Also interesting is the origin of the Valiant universe, which began by publishing new adventures featuring the Gold Key superheroes Dr. Solar, Magnus, Robot Fighter, and Turok, Dinosaur Hunter. Of course, those heroes are once again divested of Valiant, who has since moved on to an entire universe of its own with characters like Bloodshot and X-O Manowar.
Finally, take the Milestone characters. Though they were licensed by DC for some time - with characters like Static Shock receiving a huge profile boost from it - they're back under the control of the original Milestone founders, with new titles now rolling out starting with Static: Season One.
6. Plastic Man
Few people realize that Plastic Man didn't actually start out at DC. In fact, he got his start at Quality Comics - a name you probably haven't heard much about. Not surprising, considering they went out of business in the '50s.
Even though they're no longer publishing, their characters endure. Beyond DC's mirthful, malleable man of mystery, the next entry on our list also spent some time at Quality.
As for Plas himself, the oddball mystery man has become a staple of the DC Universe, with many writers fascinated with how strange - and unexpectedly powerful - he actually is.
5. The Spirit
The Spirit is far from the only enduring 'mystery man' in comic books, but unlike characters like the Green Hornet or the Shadow - you know, the other fedora and trenchcoat types - the Spirit actually debuted in comic books.
Will Eisner's two-fisted crime fighter originated numerous tropes that are still in play today. In fact, Eisner's work is so indisputable that one of comic books' biggest awards is named in his honor.
The Spirit has had modern titles from a variety of publishers, with the most recent coming from Dynamite Entertainment.
Hellboy is a perfect example of a third-party superhero made good. With two movies and a slew of spin-off comic books under his belt, Hellboy is less a character and more a franchise all his own.
Since his debut in 1993, Hellboy's profile has only gotten bigger, and even though he died and went to Hell a few years ago, his legacy is still alive, with a recent Young Hellboy limited series.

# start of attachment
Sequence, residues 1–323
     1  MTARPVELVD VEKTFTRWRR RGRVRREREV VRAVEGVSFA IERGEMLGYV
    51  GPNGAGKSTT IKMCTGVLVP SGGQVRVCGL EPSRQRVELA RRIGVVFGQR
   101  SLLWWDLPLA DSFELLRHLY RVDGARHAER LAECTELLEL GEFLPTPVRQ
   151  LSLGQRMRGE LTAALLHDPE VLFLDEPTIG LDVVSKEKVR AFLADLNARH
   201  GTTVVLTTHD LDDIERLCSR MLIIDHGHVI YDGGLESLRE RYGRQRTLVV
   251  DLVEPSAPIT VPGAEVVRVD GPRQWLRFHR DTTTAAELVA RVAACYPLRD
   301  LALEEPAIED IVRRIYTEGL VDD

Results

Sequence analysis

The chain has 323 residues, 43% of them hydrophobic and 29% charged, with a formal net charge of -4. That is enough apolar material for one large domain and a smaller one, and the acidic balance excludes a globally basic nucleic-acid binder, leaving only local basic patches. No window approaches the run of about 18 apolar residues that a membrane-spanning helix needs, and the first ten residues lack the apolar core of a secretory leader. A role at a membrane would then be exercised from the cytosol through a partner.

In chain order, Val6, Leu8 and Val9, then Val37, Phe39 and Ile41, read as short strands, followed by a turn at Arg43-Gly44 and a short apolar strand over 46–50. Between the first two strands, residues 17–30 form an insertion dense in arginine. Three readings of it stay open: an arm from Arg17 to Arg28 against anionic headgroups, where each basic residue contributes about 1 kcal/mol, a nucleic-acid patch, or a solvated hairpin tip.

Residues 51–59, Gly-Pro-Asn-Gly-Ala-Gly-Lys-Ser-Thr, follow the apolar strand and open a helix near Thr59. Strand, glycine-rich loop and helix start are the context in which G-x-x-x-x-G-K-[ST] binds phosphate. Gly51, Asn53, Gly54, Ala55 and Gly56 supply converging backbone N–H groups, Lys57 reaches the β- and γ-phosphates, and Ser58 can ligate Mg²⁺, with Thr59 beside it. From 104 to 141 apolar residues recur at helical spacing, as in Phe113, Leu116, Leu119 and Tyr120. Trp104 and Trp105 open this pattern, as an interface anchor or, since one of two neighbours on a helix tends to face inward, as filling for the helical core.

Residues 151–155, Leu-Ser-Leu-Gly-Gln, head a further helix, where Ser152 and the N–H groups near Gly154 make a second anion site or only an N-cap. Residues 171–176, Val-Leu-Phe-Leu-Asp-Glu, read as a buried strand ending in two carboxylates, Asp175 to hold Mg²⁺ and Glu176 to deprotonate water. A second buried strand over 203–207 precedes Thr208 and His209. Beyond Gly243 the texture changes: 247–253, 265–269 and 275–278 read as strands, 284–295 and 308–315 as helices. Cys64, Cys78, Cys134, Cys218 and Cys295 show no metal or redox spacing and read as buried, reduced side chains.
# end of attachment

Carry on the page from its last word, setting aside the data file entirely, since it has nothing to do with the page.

He's also received multiple films, first a pair of movies from director Guillermo del Toro, and then a franchise reboot in 2019.
When it comes to third-party superheroes, Spawn is about as big a name as it gets. While his star has faded somewhat in recent memory, at one point, you couldn't walk into a comic store without seeing his face - and that massive cape.
With a movie, an animated series, and a toy line that launched an empire - not to mention one of the top-selling comics of all time - Spawn is almost as good as it gets for a non-Marvel or DC superhero.
And it's getting even better for the '90s favorite son, as his upcoming spin-off title King Spawn is selling massive numbers, as detailed above.
2. Teenage Mutant Ninja Turtles
The Teenage Mutant Ninja Turtles are one of comic books' greatest success stories, with their roots as a self-published parody of hard-boiled '80s comics quickly giving way to a multi-media empire of toys, movies, and a massively popular cartoon series.
In fact, the Turtles' future looks a lot like their past, with two recent films, an acclaimed animated series on the air, and a new toy line on the shelves, not to mention several ongoing titles from IDW.
IDW recently launched TMNT: The Last Ronin, a dark, dystopian future story which revived some classic TMNT concepts with new twists in its second issue.
Captain Marvel, or Shazam as he's called these days, might be best known as one of DC's premier powerhouses, having been a mainstay of the Justice League for some time, and with a high-profile movie in the works, but he didn't start out there.
Shazam began life as a response to the popularity of Superman, but believe it or not, Shazam's popularity actually eclipsed that of the Man of Steel for a brief time. And let's just say DC - or National, as it was known at the time - was none too pleased.
National took Fawcett Comics, who owned Shazam, to court, resulting in Captain Marvel and his family of characters disappearing until DC actually acquired the rights to the characters, where they now reside. Some of those early Fawcett era stories are reprinted in the collection Shazam!: A Celebration of 75 Years.
Shazam is headed for a film sequel, while his arch-enemy Black Adam also has a high-profile movie in the works.